Derry Tricentennial Draws Descendents of N.H.'s First Scots-Irish Settlers

Apr 13, 2019

In 1719, Reverend McGregor, called the 'Moses of the Scots Irish,' moved his congregation from Northern Ireland to Derry, which they named "Nutfield."
Credit Sarah Gibson / NHPR

Derry and its surrounding towns are kicking off their 300th year anniversary this weekend with bagpipes, craft demonstrations and history lectures.

The region was originally inhabited by Penacook Abenaki people, before it was colonized in 1719 by a group of Ulster Scots (Scots-Irish) families fleeing religious persecution from Northern Ireland.

They named it the "Nutfield Settlement," and their journey marked the beginning of more than a century of Scots-Irish immigration to the U.S.

Many of those descendents moved across North America, and this weekend some have flown from Canada, Texas, and California to meet each other. 

Paul Lindemann, one of the Nutfield Tricentennial organizers, says it's become a family reunion.

"These folks live and breathe their family histories going back six or seven generations. With an event like this, they get to meet relatives they've never met."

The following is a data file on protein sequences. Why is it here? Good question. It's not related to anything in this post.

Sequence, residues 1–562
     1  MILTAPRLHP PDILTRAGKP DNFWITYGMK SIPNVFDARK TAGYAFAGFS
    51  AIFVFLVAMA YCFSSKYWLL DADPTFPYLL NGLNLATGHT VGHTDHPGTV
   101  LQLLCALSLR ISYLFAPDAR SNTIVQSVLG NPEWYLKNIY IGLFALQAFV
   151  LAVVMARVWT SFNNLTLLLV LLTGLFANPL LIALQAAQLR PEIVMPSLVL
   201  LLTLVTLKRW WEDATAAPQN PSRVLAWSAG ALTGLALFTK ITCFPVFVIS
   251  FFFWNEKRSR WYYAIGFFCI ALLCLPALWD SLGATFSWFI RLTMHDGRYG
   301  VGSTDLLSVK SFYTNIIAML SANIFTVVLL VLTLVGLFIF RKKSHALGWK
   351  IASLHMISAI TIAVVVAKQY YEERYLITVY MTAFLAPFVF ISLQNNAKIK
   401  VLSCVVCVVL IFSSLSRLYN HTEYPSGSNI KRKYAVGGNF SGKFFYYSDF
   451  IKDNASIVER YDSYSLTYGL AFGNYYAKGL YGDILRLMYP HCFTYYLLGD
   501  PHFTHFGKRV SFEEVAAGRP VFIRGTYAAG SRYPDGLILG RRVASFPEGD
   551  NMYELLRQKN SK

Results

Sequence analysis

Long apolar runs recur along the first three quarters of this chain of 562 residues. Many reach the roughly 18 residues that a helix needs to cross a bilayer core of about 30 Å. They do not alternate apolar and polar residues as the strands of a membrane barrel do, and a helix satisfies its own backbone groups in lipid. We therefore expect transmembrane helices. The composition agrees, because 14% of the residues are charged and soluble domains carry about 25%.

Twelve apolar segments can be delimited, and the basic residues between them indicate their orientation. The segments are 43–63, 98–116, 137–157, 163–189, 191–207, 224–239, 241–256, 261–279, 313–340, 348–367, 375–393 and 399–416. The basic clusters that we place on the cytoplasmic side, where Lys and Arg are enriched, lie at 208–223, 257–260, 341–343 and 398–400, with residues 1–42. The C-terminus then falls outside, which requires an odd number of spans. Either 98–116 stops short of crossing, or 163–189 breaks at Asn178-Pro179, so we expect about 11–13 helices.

One potential relative is Linde Lunney, an Irish historian who spent the morning visiting Pinkerton Academy.

"I think I'm related to the Pinkertons," she says, wearing a "Discover Ulster Scots" nametag as a man in a tartan kilt walks towards a sign of Nutfield Founders' last names.

Lunney calls the decades of migration from Ireland "a dreadfully sad loss for us" but doesn't envy her distant relatives' move from the industrial cities of Ireland to wooded New Hampshire.

"When they got here they were pushed out to the frontier actually, and the frontier in 1719 wasn't a bed of roses," she said. 

The gathering is being held until Sunday at the First Parish Church in East Derry.